It seems like every year there’s a specific social issue that a lot of filmmakers (or vapid studio heads just following trends) want to focus on. Last year seemed to be the theme of “sticking it to the oppressors”, with popular films like Darkest HourThe Greatest Showman, and The Post. For 2018, it seems that it’s the subject of black-white race relations in America, with films like BlackKklansman and Blindspotting. I have absolutely no issue with filmmakers exploring very serious, real life themes that legitimately have an effect on us. What I do have a problem with is poor filmmaking and storytelling, as well as feeling like I’m being talked down to. Such is the dilemma of a “social issue” film.

The Hate U Give follows 16-year-old Starr Carter (Amandla Stenberg), a black girl who constantly finds herself between two identities. She lives in a poor neighborhood, but attends a mostly white boarding school at her parent’s behest. While at school, she attempts to fit in the best she can, mostly by hiding her “blackness”. When she’s at home and out partying with her friends, she can fully be herself and not hide who she is. She’s soon forced to fully embrace one identity or the other, though, when she witnesses the fatal shooting of her friend Khalil (Algee Smith) by a police officer. As outside pressure surrounding the incident mounts, Starr realizes that she can be a tool to bring about change.

As it’s based off the young adult novel by Angie Thomas, The Hate U Give examines the issue of police officers shooting black citizens from a teenage perspective. As far as representing these themes explored from a teenage point of view, it seemed accurate enough, such as the crumbling friendship between Starr and her white classmate Hailey (Sabrina Carpenter). There’s one scene where the whole prep school ditches to protest Khalil’s shooting, and Starr accuses Hailey and most of them of not really caring, only wanting to get out of school. The issues that get brought up are valid things to examine and debate, but they don’t go past the vaguest notion of “this is unethical and we shouldn’t let it happen.” It’s also kind of hard to take some of the teen drama seriously, when the hearing the words, “I unfollowed you on tumblr,” being the most devastating thing you could ever hear. Eh, I guess that’s how teens are, though.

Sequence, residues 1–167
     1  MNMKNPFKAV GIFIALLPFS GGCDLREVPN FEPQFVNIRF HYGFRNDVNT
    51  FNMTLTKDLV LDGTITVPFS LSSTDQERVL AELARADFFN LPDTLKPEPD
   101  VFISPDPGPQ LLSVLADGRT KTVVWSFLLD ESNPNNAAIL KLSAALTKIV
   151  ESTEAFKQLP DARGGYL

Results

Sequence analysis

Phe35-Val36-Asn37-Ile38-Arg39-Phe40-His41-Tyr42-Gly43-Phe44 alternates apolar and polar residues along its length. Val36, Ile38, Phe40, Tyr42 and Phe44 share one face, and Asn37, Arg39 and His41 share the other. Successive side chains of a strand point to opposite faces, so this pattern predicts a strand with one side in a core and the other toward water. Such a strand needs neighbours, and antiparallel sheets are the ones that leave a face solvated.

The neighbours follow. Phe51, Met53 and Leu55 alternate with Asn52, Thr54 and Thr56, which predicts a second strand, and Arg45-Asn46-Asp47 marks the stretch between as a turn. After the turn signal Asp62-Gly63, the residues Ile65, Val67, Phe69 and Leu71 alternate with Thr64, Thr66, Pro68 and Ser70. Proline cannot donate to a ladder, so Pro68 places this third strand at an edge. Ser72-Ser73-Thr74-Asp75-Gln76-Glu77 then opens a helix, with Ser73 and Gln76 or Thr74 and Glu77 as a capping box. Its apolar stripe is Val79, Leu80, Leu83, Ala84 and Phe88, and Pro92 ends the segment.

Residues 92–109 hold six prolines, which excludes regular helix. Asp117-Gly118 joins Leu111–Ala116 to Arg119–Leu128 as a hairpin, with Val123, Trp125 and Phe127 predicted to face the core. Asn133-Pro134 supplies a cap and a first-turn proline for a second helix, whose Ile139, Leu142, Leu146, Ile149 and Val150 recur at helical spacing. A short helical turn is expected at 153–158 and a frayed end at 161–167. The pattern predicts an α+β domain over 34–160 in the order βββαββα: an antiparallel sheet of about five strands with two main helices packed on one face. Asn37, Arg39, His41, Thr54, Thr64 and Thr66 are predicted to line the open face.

As all the legal proceedings surrounding Khalil’s shooting take place, Starr finds herself wondering if she should speak up about what happened, or just keep going about her life. She can’t just keep going about her life, though, as Khalil’s murder infests every facet of it, from the relationships with her friends and family, as well as being persuaded by activists to become a voice in the matter. Amandla Stenberg is an excellent young star (no pun intended) who more than carries the film with her quiet, yet furious performance. Starr is all about hiding who she truly is in order to please others, but she realizes over time that it’s really up to her to choose her own path and be herself. The rest of the cast is also outstanding, especially Russell Hornsby and Regina Hall as Starr’s parents. Not only do they play the parental parts well, with how they bicker and have different points of views, but they firmly believe in their convictions.